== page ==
A few Ottawa residents 'served' Environment Minister Catherine McKenna with a ‘people’s injunction’ on Thursday, demanding that she halt the National Energy Board (NEB) reviews of TransCanada’s Energy East and Kinder Morgan’s Trans-Mountain pipeline proposals.

The injunction, served today at her Ottawa constituency office, gives the federal government until Jan. 18 to halt the NEB’s pipeline reviews on the grounds that the board’s current process is does not take into account the UN-recognized indigenous right to free, prior, and informed consent; environmental protection; or the impact of climate change. The protesters also questioned the independence of the NEB, saying that the previous Conservative government had stacked the board with members connected to the fossil fuel industry.

“We’re part of a Canada-wide initiative to make sure the Liberals practice what they preach. Our new government must be held accountable. You can’t say one thing and do the opposite. That is not leadership,” said 350.org Ottawa member Rolly Montpellier.

This latest protest comes after Prime Minister Justin Trudeau promised during the 2015 election campaign to overhaul the NEB, which they say had lost credibility during former Prime Minister Stephen Harper's administration.

Trudeau also pledged that there would be an entirely new process for the review of the Kinder Morgan Trans-Mountain pipeline. Currently, the final NEB hearings for the Trans-Mountain pipeline are scheduled for January 19.

“As Environment and Climate Change Minister, Catherine McKenna must be involved in making sure Liberal climate promises are respected,” explains Daniel Cayley-Daoust, also part of the group. “If pipeline proposals aren’t a priority for her and don’t take into account climate change, how can we take the 1.5 degrees Paris pledge to action seriously?”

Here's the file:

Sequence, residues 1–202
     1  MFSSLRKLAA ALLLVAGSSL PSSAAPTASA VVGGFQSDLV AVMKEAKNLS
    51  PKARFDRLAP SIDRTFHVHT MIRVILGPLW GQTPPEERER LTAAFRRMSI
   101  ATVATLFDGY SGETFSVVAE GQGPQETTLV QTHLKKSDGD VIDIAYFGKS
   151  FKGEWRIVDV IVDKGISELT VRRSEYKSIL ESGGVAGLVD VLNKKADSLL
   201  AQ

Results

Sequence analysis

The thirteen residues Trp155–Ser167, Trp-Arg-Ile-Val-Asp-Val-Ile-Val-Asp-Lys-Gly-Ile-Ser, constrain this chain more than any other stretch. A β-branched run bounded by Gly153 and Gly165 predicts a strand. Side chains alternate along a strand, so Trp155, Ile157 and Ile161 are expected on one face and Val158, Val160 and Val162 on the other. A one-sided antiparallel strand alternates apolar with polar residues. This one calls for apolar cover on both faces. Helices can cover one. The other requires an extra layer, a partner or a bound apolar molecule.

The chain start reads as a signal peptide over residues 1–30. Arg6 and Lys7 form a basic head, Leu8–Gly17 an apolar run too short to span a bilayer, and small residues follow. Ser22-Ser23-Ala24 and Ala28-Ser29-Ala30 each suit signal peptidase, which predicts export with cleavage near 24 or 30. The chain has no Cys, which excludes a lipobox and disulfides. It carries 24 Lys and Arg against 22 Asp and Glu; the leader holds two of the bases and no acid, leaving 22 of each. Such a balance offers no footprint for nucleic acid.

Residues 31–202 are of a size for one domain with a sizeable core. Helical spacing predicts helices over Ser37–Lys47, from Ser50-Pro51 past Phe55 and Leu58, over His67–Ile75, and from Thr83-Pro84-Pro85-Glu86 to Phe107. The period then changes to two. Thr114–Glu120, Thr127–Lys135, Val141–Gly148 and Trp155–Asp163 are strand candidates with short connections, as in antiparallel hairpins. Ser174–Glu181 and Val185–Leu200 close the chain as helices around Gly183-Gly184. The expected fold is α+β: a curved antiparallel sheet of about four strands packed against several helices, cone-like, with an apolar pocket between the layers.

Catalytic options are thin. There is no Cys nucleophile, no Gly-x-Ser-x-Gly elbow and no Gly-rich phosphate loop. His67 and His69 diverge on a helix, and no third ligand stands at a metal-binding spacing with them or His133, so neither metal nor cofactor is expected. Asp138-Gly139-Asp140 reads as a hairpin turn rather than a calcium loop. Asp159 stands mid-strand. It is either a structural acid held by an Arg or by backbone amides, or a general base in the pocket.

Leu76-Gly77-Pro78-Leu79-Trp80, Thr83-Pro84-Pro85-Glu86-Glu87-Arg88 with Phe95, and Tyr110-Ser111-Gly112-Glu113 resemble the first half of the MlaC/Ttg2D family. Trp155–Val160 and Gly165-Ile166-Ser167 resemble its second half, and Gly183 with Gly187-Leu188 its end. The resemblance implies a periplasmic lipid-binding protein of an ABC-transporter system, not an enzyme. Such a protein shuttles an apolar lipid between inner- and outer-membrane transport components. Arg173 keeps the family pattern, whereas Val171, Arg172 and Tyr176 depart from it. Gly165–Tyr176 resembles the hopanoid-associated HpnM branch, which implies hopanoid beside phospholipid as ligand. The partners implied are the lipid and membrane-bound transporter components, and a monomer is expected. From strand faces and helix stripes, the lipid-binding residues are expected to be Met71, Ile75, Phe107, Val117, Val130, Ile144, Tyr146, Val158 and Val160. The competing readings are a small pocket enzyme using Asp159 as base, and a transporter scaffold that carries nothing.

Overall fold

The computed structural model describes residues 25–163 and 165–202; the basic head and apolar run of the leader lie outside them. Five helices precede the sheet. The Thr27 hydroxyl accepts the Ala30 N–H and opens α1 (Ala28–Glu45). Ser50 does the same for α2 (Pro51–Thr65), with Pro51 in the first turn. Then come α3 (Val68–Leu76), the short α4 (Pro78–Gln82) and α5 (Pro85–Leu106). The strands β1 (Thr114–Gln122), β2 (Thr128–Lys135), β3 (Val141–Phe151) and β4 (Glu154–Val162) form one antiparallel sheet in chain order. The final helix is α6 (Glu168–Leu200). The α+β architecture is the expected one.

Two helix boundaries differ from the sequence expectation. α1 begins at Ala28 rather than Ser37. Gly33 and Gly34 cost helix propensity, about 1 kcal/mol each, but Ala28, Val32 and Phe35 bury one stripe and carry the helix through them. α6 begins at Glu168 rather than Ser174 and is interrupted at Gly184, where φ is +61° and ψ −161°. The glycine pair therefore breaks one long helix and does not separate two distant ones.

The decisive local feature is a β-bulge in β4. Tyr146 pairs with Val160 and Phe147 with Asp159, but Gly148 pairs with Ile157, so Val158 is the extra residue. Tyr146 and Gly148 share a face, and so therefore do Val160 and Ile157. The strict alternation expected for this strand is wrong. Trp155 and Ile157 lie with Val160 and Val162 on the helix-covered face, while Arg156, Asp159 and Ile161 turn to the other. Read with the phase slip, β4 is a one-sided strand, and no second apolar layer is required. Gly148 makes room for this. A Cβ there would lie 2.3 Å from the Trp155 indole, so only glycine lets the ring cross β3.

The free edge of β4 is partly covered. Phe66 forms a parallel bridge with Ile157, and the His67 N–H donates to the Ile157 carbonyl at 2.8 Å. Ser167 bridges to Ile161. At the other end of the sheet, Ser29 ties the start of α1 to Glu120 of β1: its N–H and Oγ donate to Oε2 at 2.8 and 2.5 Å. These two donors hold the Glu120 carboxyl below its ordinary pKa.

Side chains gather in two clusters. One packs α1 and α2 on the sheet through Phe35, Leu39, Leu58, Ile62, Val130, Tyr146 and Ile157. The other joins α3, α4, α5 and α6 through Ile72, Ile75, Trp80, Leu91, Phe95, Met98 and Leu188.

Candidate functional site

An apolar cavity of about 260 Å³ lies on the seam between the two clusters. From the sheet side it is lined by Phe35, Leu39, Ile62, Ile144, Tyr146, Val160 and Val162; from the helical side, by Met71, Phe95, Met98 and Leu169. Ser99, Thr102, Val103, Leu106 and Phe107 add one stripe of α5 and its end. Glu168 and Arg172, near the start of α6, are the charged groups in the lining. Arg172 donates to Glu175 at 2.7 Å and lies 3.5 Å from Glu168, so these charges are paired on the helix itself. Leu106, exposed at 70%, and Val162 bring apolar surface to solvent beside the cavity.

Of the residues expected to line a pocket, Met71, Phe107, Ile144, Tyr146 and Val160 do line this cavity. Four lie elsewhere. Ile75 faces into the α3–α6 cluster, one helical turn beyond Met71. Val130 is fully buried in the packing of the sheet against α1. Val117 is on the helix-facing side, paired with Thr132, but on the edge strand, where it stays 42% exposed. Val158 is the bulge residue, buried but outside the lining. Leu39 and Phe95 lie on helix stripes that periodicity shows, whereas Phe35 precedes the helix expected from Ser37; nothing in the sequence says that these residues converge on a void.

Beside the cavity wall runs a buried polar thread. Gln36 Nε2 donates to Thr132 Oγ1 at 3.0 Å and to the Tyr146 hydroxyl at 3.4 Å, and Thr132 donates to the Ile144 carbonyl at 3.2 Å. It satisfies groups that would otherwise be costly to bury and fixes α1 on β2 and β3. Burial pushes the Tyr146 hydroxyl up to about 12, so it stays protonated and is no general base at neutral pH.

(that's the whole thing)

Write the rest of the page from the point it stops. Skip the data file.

While protesters are accusing the Liberals of backtracking on their promises, McKenna did pledge tougher environmental assessments for existing oil sands pipeline proposals last November, just days before the Paris climate talks kicked off. She further stated that all assessments would be “based on science.”

During last year’s federal election, the Liberals vowed to modernize the NEB, ensuring that "its composition reflects regional views and has sufficient expertise in fields like environmental science, community development, and Indigenous traditional knowledge." Further, they promised to end ministerial interference in environmental assessments and ensure they included an "analysis of upstream impacts and greenhouse gas emissions resulting from projects.”

However, some remain unconvinced. Last week, Burnaby Mayor Derek Corrigan formally requested that Trudeau suspend the NEB review of Kinder Morgan.

Provincial First Nations assemblies in B.C., Manitoba, Quebec and Labrador, in a joint letter sent to the Prime Minister last month, insisted that the PM cancel the regulatory reviews of proposed pipeline projects until after the NEB overhaul takes place.

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